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6 May, 2009 16:29

“This hasn’t been an easy year for Medvedev”

A year ago, Dmitry Medvedev was inaugurated as President of the Russian Federation. His press secretary, Natalie Timakova, discussed his first year’s high and low points with RT.

RT: Hello to you Natalya, thank you for joining us on RT. First off let’s talks about the brightest and the hardest moments of his first year in office.

Natalya Timakova: Two key events affected the first year of his presidency. The conflict in the Caucasus, which happened in August and which required him to make decisions as President as well as the Supreme Commander-in-Chief, was definitely one of them. The world financial crisis, which seemed impossible a mere year ago and which became the main item on the agenda in our country as well as in the entire world, was the other one. Thus these two events drastically influenced both internal and foreign policy during the first year of his presidency.

RT: This was a tough year in relation to the war in the Caucasus. Is he sorry?

N.T.: According to the President, it was the only possible decision in that situation. You may remember, it was a barbarian aggression in which many Russian citizens died, as well as the Russian peacekeepers who had been called to maintain peace and stability on that territory. The President stated on a number of occasions that he had no other choice but to use the military forces in order to protect the South Ossetian population as well as peacekeepers and the Russian troops which had been carrying out their mission.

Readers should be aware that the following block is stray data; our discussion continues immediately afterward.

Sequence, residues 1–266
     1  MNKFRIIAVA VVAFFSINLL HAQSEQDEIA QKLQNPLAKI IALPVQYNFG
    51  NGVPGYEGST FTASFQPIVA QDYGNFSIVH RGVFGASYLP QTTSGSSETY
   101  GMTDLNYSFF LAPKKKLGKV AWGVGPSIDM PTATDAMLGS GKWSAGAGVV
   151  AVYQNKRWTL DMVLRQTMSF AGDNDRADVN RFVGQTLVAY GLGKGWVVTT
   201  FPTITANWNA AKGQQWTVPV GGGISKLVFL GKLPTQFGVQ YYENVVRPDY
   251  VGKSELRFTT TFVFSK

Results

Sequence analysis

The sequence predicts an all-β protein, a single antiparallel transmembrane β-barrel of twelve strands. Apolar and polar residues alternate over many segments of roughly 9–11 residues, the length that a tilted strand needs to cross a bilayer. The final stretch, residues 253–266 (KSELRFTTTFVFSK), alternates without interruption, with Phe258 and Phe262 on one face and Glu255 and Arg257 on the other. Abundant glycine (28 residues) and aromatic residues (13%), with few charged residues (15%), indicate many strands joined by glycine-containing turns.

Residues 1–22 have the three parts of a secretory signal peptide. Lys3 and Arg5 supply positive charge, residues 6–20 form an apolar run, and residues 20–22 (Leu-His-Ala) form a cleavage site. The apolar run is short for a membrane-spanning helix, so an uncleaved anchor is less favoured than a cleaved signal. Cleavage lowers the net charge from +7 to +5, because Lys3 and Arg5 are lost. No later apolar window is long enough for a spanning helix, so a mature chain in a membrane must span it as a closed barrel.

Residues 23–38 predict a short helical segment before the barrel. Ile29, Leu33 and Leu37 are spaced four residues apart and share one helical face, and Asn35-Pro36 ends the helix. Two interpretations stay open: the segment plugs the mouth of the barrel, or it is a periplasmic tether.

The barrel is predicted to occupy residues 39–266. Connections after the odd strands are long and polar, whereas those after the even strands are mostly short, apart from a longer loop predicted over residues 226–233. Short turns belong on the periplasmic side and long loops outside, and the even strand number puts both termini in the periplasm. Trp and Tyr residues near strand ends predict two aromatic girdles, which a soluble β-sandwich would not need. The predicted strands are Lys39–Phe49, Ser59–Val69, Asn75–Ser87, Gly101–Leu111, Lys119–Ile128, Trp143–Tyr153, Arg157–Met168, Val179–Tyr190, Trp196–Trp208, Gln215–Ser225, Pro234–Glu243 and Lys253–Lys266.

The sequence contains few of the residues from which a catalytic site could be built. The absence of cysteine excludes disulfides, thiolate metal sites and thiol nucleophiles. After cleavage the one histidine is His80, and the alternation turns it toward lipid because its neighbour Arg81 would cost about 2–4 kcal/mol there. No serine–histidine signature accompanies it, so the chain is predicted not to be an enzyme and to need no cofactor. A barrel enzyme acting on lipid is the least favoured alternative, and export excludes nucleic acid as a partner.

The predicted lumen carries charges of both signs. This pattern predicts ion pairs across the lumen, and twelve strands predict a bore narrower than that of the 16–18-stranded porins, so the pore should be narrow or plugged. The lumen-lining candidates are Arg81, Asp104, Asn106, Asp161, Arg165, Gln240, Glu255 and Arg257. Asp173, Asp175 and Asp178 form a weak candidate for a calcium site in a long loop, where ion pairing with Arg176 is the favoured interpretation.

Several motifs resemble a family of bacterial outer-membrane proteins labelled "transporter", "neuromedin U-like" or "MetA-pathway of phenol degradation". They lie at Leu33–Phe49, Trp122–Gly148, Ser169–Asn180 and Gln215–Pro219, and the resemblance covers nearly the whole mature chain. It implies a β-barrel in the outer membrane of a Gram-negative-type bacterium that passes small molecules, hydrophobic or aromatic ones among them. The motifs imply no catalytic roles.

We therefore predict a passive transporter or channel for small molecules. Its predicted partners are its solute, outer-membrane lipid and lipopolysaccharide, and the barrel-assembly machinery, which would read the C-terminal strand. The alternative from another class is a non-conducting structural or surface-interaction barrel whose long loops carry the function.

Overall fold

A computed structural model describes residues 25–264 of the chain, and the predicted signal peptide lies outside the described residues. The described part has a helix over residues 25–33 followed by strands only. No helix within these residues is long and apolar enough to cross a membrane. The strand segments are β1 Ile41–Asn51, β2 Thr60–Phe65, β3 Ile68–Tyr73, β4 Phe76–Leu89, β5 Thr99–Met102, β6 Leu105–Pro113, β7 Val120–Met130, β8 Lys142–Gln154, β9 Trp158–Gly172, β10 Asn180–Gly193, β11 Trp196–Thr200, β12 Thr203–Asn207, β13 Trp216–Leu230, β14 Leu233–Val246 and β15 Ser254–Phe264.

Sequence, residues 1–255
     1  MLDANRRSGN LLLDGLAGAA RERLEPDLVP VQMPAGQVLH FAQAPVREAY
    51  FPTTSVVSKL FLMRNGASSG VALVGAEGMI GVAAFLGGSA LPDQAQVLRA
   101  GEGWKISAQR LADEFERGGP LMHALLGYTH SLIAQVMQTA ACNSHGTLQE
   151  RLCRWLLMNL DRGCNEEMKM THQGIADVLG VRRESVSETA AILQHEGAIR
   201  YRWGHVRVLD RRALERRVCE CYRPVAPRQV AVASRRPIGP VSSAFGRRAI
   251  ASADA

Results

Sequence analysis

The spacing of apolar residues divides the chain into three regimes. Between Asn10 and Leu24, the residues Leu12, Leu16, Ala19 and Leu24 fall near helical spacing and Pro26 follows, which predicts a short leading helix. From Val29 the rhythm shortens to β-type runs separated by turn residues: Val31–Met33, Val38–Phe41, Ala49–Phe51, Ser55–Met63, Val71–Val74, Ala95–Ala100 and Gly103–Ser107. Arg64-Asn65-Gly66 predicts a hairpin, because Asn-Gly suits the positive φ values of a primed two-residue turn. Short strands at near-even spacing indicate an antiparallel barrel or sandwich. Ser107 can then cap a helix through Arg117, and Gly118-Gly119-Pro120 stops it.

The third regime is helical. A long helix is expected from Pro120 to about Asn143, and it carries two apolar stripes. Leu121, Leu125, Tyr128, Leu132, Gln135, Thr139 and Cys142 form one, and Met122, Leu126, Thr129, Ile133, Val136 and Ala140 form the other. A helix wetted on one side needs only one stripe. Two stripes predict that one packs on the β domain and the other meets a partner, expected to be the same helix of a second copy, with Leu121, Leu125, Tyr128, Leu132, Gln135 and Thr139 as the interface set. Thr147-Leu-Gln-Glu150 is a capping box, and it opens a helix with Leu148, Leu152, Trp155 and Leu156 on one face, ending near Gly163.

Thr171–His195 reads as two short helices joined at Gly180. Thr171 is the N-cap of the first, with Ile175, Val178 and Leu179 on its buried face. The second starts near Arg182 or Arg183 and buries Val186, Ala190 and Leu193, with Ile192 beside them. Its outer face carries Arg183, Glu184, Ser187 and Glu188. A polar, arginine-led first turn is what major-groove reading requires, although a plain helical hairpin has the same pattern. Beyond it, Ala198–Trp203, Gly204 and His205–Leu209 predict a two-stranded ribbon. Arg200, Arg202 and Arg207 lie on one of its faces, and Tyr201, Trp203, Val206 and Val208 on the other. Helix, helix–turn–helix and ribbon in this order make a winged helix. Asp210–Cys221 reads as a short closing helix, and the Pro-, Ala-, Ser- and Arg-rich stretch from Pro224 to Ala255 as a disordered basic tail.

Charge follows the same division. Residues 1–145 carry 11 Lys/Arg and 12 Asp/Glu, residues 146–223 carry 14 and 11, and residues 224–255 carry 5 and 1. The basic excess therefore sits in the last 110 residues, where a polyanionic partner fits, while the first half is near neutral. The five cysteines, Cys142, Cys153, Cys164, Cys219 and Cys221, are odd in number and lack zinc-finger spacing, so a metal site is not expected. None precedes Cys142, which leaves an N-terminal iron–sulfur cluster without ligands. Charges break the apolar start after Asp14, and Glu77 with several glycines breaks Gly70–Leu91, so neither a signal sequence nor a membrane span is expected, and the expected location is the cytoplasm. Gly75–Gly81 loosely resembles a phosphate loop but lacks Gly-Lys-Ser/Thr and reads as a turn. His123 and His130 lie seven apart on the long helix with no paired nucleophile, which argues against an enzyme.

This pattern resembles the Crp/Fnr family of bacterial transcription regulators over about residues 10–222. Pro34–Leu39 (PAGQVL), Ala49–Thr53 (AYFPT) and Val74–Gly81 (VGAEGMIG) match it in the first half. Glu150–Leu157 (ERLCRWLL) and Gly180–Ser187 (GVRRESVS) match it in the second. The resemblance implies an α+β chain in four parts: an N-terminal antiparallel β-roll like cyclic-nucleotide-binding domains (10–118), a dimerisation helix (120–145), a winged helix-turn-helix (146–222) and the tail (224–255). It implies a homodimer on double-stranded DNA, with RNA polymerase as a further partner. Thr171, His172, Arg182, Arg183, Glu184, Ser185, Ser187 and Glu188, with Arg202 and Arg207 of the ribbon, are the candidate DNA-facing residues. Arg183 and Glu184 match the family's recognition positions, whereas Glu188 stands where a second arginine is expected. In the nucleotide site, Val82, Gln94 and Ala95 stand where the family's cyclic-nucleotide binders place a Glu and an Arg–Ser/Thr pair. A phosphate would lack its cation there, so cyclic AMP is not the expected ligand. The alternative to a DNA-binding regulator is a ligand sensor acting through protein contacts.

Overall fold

RT: The Global Financial crisis has been blamed by some on controls which were too liberal. How do you think the crisis will affect his plans – will he resort to tougher state control?

N.T.: The financial crisis may have frozen some processes, but it hasn’t made him change his priorities. Liberalization and diversification of the economy still remain among the top priorities. This means making an innovative economy; turning it from an economy based on the extraction of oil and processing sectors and on oil and gas export, to the true economy of the future with personal initiatives and developed small and medium businesses. It would be unreasonable to deny the fact the crisis had affected the development of these issues. But it doesn’t mean he is giving up on them. These issues are certainly strategic for the President, and he intends to implement them.

RT: What will be his priorities over the next year?

N.Y.: They remain unchanged. They include the continued fight against corruption; independence of the judicial system; modernization, including that of the judicial system; maintenance of social stability in the country, including protection for the poorest sectors of the population which have been badly affected by the crisis. The President said on a number of occasions that the state has to fulfill its obligations to these people. Another priority is the continued policy of investing in innovational development and investing in people. All the things he had been talking about during the election campaign and the beginning of his presidency have remained relevant for him. He is not giving up on these priority ideas and tasks. However, as I’ve said the financial crisis has perhaps affected the pace of implementing certain ideas.

RT: What about the priorities in foreign policy?